Chapter 1 (web) introduction


Published on

Published in: Education
  • Be the first to comment

  • Be the first to like this

No Downloads
Total views
On SlideShare
From Embeds
Number of Embeds
Embeds 0
No embeds

No notes for slide

Chapter 1 (web) introduction

  1. 1. Chapter 1: Data Collection• Why Statistics? A Manager Needs to Know Statistics in order to: – Properly present and describe information – Draw conclusions about populations based on sample information – Understand Statistical relationship (causality) – Improve processes – Obtain reliable forecasts•
  2. 2. Key Concepts• A population (universe) is the collection of all items or things under consideration – A parameter is a summary measure that describes a characteristic of the entire population• A sample is a portion of the population selected for analysis – A statistic is a summary measure computed from a sample to describe a characteristic of the population
  3. 3. Key Concepts, Continued• Descriptive statistics (art)-- Collecting, summarizing, and describing (presenting) data from a sample or a population• Inferential statistics – The process of using sample statistics to draw conclusion about the population parameters
  4. 4. Example: Descriptive Statistics• Collect data – e.g., Survey• Present data – e.g., Tables and graphs• Characterize data ∑X i – e.g., Sample mean = n
  5. 5. Example: Inferential Statistics• Estimation – e.g., Estimate the population mean weight using the sample mean weight• Hypothesis testing – e.g., Test the claim that the population mean weight is 120 pounds
  6. 6. Sources of data• Before collection of data , a decision maker needs to: – Prepare a clear and concise statement of purpose – Develop a set of meaningful measurable specific objective – Determine the type of analyses needed – Determine what data is required
  7. 7. Sources of Data, Continued• Primary Data Collection – Experimental Design – Conduct Survey – Observation (focus group)• Secondary Data Compilation/Collection – Mostly governmental or industrial, but also individual sources
  8. 8. Types of Data• Random Variable – Values obtained are not controlled by the researcher (theoretically values differ from item to item)• Data from a RV are either: – Quantitative • Continuous (measuring) • Discrete (Counting) – Qualitative (categorical) • Nominal • Ordinal
  9. 9. Types of Sampling Methods• Non-Probability Sampling -- Items included are chosen without regard to their probability of occurrence. i. Judgment ii. Quota iii. Chunk iv. Convenience• Probability Sampling – Items are chosen based on a known probability. Let N=size of the population and n=desired sample size i. With replacement -- Prob. of each item and any round =(1/N) ii. Without replacement -- Prob. of each item =(1/N), 1/(N-1), …1/ [N-(n-1)]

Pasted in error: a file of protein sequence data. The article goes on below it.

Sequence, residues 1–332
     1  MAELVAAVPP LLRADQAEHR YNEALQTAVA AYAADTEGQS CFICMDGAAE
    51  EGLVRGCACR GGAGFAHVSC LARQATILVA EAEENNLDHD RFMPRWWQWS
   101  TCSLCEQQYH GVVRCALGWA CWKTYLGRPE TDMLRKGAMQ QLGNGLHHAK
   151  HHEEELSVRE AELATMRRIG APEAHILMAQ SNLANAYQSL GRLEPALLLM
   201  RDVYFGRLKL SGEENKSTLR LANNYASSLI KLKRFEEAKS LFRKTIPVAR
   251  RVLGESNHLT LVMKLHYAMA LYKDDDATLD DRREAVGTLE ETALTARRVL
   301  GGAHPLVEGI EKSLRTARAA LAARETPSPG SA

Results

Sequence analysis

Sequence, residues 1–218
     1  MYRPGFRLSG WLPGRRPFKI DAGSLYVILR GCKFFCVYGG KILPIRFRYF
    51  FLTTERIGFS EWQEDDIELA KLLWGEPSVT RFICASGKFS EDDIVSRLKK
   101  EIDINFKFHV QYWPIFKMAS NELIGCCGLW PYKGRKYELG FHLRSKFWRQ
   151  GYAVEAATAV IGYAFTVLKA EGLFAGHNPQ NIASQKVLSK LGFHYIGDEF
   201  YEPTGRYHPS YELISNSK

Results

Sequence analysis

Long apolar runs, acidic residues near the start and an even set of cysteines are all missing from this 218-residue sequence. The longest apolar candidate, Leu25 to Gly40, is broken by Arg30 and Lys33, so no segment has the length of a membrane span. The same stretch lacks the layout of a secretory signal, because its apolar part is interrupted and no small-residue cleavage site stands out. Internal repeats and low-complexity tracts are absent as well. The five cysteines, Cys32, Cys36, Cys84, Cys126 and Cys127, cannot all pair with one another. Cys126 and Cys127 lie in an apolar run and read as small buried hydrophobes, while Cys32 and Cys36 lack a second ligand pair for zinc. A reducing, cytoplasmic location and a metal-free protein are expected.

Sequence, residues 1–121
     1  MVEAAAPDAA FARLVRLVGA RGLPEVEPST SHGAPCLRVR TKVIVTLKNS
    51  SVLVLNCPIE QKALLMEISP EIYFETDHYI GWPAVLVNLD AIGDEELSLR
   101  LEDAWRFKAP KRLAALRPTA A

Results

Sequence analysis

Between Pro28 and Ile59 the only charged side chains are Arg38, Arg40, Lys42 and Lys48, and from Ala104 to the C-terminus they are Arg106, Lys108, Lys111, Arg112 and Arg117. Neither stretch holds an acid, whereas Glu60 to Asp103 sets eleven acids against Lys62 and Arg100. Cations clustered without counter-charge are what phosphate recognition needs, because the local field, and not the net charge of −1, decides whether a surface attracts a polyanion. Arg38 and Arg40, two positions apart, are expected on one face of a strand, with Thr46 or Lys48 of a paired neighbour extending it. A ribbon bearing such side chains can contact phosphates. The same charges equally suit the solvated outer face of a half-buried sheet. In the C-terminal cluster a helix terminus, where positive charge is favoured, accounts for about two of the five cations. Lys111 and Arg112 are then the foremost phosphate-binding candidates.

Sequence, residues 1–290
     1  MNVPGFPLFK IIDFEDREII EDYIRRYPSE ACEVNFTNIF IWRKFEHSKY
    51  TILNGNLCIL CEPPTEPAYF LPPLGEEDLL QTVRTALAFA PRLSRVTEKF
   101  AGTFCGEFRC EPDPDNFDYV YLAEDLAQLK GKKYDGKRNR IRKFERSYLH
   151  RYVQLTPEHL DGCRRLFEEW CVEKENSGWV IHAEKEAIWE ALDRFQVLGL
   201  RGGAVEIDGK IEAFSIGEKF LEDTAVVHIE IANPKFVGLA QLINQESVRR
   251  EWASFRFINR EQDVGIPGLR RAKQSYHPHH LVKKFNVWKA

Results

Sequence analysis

10. 10. Types of Probability Sampling• Items in the sample are chosen based on known probabilities Probability SamplesSimpleRandom Systematic Stratified Cluster
  11. 11. Types of Probability Samples, Con’t• Simple Random Sample -- Every individual or item from the frame has an equal chance of being selected. In addition, any selected sample has the same chance of being selected as any other. – Samples obtained from table of random numbers or computer random number generators• Systematic Samples -- Divide frame of N individuals into groups of k individuals: k=N/n. Randomly select one individual from the 1st group. Then Select every kth individual thereafter
  12. 12. Types of Probability Samples, Con’t• Stratified samples -- Divide population into subgroups (called strata) according to some common characteristic. A simple random sample is selected from each subgroup. Samples from subgroups are combined into one• Cluster Samples -- Population is divided into several “clusters,” each representative of the population. Then, a simple random sample of clusters is selected – All items in the selected clusters can be used, or items can be chosen from a cluster using another probability sampling technique
  13. 13. Evaluation of a Survey• What is the purpose of the survey?• Is the survey based on a probability sample?• Coverage error – appropriate frame?• Nonresponse error – follow up• Measurement error – good questions elicit good responses• Sampling error – always exists